Education is one of the most basic human rights, enshrined in the Universal Declaration of Human Rights and the UN Convention on the Rights of the Child. Yet, across the world more than 50 million young children, and even more adolescents, are out of school, and more than 120 million children don’t complete primary education – a milestone many of us in developing countries take for granted.

This denies children access to good jobs, the chance to escape poverty and provide for their own families, to contribute to and develop their communities and beyond – which also robs society as a whole. It is for this reason that education is an investment, not only in current generations, but future mankind, helping to reduce poverty and inequality, and set the foundation for sustained, competitive economic growth. It helps secure a future of health and agricultural advances, as well as private and public sector growth, and allows children to grow up and becoming involved in political processes.

Good and widespread education also boosts life expectancy and quality of life, reduces maternal deaths and helps to combat diseases such as HIV and AIDS, as well as lower rates of child marriage, and promote peace.

Many of the children missing out on vital education live in countries afflicted by conflict, poverty, disaster and epidemics. And in some cultures, girls are kept at home and away from education once they reach puberty.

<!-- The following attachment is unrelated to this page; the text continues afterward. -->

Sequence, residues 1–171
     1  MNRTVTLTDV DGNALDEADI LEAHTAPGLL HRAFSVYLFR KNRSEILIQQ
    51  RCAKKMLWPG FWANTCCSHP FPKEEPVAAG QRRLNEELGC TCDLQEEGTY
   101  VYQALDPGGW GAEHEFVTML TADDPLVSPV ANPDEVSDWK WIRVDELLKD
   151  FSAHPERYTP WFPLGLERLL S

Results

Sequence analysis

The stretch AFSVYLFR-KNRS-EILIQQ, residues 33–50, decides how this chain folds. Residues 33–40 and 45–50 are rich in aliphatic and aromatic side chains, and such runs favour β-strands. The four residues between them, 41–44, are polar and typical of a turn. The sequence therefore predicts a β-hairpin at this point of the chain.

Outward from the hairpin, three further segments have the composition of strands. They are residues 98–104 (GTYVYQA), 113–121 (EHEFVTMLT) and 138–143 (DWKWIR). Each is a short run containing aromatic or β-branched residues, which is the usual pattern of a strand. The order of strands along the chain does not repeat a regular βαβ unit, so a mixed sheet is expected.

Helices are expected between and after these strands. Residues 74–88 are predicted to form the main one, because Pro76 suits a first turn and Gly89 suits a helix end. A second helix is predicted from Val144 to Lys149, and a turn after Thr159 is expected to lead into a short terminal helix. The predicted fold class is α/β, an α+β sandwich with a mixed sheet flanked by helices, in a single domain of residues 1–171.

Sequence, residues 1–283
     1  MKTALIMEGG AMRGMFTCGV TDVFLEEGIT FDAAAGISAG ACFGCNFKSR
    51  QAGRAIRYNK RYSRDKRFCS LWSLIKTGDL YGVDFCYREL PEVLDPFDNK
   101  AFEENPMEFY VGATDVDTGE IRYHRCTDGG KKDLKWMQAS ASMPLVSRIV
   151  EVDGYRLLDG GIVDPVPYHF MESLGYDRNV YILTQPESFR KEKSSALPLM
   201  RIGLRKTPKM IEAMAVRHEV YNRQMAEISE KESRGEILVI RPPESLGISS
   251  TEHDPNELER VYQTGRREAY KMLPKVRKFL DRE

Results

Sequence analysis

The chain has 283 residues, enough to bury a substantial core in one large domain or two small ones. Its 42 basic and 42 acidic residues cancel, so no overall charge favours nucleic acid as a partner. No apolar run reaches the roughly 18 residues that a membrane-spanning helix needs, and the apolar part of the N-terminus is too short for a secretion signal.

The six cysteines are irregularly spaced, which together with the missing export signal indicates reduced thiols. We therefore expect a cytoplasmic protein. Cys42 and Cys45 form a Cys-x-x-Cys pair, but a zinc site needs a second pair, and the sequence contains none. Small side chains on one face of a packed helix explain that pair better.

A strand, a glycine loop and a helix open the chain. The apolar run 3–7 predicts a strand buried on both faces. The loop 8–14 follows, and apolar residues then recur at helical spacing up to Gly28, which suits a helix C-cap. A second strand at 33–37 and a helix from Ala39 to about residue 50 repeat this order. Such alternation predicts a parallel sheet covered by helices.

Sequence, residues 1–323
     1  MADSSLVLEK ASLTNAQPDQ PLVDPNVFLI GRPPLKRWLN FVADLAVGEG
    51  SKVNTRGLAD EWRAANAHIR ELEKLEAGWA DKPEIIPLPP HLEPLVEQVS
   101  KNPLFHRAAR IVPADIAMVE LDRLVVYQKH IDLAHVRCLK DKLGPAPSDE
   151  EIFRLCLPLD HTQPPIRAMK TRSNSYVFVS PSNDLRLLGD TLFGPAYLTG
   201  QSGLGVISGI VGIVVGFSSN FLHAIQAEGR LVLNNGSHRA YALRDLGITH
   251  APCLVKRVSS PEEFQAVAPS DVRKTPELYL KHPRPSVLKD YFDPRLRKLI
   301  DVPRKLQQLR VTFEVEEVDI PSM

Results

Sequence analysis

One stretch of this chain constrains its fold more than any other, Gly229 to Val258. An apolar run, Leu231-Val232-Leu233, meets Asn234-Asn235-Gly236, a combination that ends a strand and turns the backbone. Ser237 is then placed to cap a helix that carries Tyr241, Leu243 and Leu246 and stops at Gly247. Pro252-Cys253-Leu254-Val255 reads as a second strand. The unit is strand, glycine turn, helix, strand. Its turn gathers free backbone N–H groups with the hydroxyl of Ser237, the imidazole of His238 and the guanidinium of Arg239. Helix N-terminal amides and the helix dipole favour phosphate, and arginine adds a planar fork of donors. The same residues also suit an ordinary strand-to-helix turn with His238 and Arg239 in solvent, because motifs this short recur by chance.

This has long been a challenge for philanthropists and charitable organisations, and for billionaire philanthropist Tej Kohli, charity work is crucial to alleviating and solving the problem – and the return on investment is incomparable.

Through his Tej Kohli Foundation, Kohli works to provide food, support and education scholarships to under-privileged children in Costa Rica, through local established partners and its own grassroots organisations, complementing government services on the same mission.

For Tej Kohli, philanthropy is a big piece of the solution to getting more children and adolescents in, and through the entirety of, education, through early intervention. This isn’t an easy, nor a cheap, task to do, but it has the potential to mobilise entire communities, boost local and national economies, and help to fight problems including terrorism, other violence and even tackle the health problems associated with the use of herbal medicines in some communities around the world.

It’s a big undertaking that requires the investment of trained teachers, building infrastructure to use as schools, resources to use in the schools, transport to ensure the accessibility of local children, extra support for disabled pupils, and constant monitoring to ensure results.

On the positive side, there are more children in education today than ever before. For example, in 1950 the average level of schooling in Africa was less than two years. It’s now more than five years, and in East Asia and the Pacific, the schooling of the population increased from two to seven years between 1950 and 2010. And early education is more likely to pave the way for a lifetime of learning.